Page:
You did it! You got that big promotion to sales manager that you’ve worked so hard for. After years working hard as a sales rep and bringing in big deals, you’ve finally made it to the next level. But how can you ensure that you’re successful in this new – and very different –  position?

You already know that sales managers face very different challenges than sales reps, and sales management requires a different and particular set of skills. While you can use your expertise in sales to coach and guide your team, you also have to learn how to become an effective manager.

Here are a few things for newly-promoted sales managers to keep in mind, to help you adapt to and succeed in your new role.

1. Earn your Stripes

New sales managers are a little like substitute teachers entering a new classroom – your new reps won’t automatically respect you and will probably challenge your authority at first. It can be difficult to manage your former coworkers, especially if you were previously a peer who has been elevated to this new role. You have to set clear expectations and enforce the rules right away. Make sure your team’s goals are transparent and you work hard along with your reps, coming in early and staying late. You can earn their respect over time by showing that you are a strong leader and a knowledgeable sales expert.

2. Lead From Within

Becoming a manager doesn’t mean that you should shut yourself in an office and lead your team from afar. In fact it’s the opposite. Great managers still work in the trenches every day with their reps – working the same (if not more) hours and pushing towards the same goals. This means you should be listening in on calls, coaching reps through challenges, and setting up fun competitions to drive sales results to new heights. You’ll earn your team’s respect more quickly if you are the kind of manager that works with them, not against them.

3. Follow the Data

Great sales managers are hyper-aware of their team’s sales metrics and overall performance. You should track each rep’s win rates, conversion rates through each sales stage, average sale price, sales cycle, and much more. By keeping an eye on these numbers, you can find areas where each rep can improve. By using objective measurements of your team’s performance, it will also help you manage reps more easily. Offer strategic sales coaching based on these numbers, and you’ll see your team begin to improve.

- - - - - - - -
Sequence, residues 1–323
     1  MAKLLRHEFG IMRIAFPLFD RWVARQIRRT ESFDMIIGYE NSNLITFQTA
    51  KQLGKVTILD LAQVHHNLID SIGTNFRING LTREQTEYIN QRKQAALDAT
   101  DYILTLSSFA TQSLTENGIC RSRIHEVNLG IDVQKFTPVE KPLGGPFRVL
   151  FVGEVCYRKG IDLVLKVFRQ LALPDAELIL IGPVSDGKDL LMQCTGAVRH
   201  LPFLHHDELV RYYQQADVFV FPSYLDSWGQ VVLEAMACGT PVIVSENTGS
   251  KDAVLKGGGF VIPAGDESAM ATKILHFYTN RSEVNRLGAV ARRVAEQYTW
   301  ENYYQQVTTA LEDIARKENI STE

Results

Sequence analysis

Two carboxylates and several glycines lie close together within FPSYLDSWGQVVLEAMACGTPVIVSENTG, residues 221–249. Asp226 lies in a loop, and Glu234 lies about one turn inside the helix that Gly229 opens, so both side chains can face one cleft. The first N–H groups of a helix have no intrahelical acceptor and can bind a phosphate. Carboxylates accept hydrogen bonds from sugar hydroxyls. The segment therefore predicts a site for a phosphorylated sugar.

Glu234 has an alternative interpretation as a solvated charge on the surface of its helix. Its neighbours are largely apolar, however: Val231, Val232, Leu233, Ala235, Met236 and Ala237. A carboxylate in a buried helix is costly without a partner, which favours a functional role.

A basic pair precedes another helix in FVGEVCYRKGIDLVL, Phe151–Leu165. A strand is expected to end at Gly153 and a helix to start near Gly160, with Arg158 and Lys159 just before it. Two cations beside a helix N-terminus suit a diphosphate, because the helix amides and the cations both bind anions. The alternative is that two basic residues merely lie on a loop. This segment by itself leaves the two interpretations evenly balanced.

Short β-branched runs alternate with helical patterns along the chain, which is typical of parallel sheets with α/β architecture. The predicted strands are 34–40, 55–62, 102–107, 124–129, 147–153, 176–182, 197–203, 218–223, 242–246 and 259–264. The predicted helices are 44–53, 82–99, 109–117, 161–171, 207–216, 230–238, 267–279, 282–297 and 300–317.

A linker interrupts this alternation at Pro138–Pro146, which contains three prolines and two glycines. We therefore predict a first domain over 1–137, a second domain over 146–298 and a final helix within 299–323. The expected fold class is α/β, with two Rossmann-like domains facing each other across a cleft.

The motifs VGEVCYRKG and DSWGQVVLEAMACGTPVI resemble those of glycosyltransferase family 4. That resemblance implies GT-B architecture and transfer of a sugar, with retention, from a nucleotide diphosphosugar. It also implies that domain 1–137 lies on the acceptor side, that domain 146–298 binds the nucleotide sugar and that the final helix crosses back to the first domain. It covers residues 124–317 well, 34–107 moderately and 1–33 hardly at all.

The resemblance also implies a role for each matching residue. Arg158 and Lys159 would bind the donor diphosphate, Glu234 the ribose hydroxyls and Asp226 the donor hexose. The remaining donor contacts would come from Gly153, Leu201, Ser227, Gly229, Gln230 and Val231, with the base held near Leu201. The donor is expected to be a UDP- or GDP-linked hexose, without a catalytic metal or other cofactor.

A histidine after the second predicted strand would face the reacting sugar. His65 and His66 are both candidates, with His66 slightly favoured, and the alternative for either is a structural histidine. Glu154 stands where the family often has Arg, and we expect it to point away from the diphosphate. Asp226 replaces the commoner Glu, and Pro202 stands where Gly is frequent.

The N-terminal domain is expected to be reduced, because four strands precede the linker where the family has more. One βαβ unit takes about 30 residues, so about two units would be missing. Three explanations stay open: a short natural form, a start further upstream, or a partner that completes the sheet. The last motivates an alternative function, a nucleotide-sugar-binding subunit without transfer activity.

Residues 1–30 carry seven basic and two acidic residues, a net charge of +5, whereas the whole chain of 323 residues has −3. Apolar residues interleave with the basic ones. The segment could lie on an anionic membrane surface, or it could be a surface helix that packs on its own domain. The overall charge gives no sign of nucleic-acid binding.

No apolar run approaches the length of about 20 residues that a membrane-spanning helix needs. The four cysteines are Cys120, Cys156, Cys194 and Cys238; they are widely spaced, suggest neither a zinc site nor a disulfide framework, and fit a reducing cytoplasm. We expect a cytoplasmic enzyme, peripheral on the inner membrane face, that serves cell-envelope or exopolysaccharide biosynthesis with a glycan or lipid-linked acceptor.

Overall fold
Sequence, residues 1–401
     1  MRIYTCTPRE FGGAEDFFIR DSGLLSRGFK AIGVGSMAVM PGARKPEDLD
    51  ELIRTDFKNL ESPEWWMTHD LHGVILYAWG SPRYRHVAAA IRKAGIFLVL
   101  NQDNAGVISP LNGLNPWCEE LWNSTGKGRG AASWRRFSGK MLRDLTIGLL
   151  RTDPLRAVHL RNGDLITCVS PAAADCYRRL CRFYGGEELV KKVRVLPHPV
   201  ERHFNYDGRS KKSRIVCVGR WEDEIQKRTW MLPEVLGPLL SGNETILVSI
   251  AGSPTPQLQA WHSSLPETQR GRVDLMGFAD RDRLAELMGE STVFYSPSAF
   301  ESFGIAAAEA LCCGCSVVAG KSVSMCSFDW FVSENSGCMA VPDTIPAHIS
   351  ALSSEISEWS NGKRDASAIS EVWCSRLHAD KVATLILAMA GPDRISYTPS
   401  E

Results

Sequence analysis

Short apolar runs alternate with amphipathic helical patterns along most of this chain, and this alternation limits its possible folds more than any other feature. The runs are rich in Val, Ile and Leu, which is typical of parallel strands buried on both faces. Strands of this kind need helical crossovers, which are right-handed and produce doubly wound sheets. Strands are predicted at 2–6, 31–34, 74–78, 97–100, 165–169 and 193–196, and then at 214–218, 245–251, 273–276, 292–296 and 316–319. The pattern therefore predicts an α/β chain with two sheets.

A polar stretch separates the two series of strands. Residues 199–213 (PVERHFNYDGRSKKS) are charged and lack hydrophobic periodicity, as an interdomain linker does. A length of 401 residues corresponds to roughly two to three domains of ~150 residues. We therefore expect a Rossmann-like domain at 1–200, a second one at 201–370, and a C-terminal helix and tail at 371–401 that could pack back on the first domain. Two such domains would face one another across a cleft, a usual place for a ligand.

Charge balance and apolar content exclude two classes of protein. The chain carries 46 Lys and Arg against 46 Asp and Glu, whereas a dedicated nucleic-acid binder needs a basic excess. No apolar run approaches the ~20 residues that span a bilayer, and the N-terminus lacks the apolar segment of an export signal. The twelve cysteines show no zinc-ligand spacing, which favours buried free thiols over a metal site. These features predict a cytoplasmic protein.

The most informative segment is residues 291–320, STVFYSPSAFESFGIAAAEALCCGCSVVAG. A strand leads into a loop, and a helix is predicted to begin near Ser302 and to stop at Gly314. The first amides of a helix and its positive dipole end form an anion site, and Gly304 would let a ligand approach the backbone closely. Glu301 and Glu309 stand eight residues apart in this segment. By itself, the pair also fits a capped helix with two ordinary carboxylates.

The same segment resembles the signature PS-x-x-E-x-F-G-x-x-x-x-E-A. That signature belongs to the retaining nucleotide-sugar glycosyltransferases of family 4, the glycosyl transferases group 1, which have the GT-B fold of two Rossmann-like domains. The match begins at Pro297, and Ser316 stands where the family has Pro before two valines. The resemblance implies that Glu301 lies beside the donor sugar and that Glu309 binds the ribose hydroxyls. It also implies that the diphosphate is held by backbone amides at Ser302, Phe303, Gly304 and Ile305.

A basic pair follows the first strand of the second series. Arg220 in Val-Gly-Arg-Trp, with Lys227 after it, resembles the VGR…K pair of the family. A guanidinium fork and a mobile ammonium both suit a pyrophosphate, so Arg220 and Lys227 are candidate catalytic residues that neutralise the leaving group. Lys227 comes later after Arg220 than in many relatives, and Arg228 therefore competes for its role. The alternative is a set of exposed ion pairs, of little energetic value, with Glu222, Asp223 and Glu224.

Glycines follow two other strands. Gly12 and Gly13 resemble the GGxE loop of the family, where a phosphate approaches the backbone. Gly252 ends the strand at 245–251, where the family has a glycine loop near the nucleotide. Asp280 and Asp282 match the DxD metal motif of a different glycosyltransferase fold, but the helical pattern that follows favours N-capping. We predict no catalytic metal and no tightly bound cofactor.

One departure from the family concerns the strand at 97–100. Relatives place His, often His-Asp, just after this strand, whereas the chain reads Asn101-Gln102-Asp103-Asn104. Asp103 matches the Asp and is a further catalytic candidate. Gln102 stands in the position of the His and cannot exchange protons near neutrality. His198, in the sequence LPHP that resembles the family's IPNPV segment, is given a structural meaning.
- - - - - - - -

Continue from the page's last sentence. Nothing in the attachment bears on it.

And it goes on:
Learn More About Measuring Sales Metrics»

4. Your Sales Reps Aren’t You

You became a successful rep by selling a certain way, but not everyone works in the same way that you did. There are many different personality types and selling methods that are highly effective for reps. As a manager, you have to resist the urge to create an army of mini-mes while hiring, training and coaching your team. What works for one rep may not work for another, and you have to understand that fact. Instead of trying to push every rep to copy your style, allow your team to grow and learn at their own pace. Encourage your team to experiment with new sales tactics to find what works best for them.

5. Be Agile

The greatest sales managers are agile leaders – you should be able to respond quickly to change in your market, on your sales team, or in the entire company. Inflexible sales leaders are unlikely to be successful since things change quickly and constantly on a sales team. While you may be used to managing your own changing sales pipeline, now you have to constantly adjust and monitor your entire team’s pipeline in order to hit your monthly and quarterly goals. If you don’t have enough sales reps to hit those goals, you need to hire more reps fast. If your sales are down, you need to analyze the data, find a reason for it, and make changes fast – or your entire team will founder. Agility is a mindset that you have to adopt as a manager.
Starting a new position as a manager can be both intimidating and exciting. But if you earn your team’s respect, track the right metrics, be flexible and lead your team from within, you will succeed in your new role.


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